The Department of Mathematical Sciences offers M.S. and Ph.D. degrees in
- Mathematics Education
The department provides unique opportunities for innovative instruction and cooperative research. With approximately 30 Ph.D. faculty and 70 graduate students, the department is large enough to attract and retain the most capable faculty, but small enough to allow faculty and graduate students an intimate atmosphere for the easy exchange of ideas.
The department offers programs of study in both pure and applied mathematics. Programs of study focus on mathematics which provides appropriate training for employment in academia, industry, or government. Pure areas of emphasis include dynamical systems, topology, complex analysis and global analysis. Applied areas of emphasis include mathematical biology, computational mathematics, inverse and ill-posed problems, numerical analysis, and sensitivity theory. Interdisciplinary research opportunities in biological, engineering and physical applications are encouraged in the applied program component.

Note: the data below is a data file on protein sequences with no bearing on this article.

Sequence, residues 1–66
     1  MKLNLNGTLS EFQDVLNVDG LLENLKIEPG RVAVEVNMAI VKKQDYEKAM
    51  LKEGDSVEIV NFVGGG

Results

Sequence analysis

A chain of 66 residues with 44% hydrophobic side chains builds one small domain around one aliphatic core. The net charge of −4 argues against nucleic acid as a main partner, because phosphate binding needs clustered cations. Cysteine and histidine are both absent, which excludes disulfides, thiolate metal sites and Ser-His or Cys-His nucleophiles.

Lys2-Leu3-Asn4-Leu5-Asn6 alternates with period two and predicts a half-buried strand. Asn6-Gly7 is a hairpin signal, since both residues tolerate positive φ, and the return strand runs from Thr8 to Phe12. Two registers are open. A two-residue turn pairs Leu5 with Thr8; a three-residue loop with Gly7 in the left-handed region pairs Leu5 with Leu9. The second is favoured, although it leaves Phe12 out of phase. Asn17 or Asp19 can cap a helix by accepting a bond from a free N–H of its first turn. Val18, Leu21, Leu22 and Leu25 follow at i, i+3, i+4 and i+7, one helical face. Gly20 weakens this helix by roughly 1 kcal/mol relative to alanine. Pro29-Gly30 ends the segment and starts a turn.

The graduate programs in statistics strike a balance between statistical theory and methods. Graduates are prepared for employment as consultants, researchers and teachers. Areas of emphasis include mathematical statistics, probability, applied probability, linear models, multivariate analysis, time series, spatial analysis, sampling, experimental design, biostatistics, response surface methodology, and statistical modeling. Our statistics programs provide experience in practical problem solving and computational statistics; this experience is gained, in part, through a consulting seminar program in which all graduate students participate. Programs are individually tailored and may emphasize applications to other disciplines such as biology, medicine, engineering, and the social sciences.
The mathematics education faculty in the department characterizes its work as "applied mathematics education," oriented toward the preparation and professional development of mathematics teachers and the development of effective school mathematics curriculum. The faculty actively pursues grants to fund research and creative activity focused on delivering effective professional development and developing curriculum materials for K-12 mathematics teachers. Areas of emphasis include teacher preparation, coaching, and mentoring in-service teachers, on-line learning among practicing teachers, technology-supported classroom instruction, problem-based learning, and curriculum development for K-12 mathematics. Graduate students design research projects in alignment with faculty interests and current projects. Students in the masters degree option will engage in school-based action research, while the doctoral program includes both qualitative and quantitative experimental research.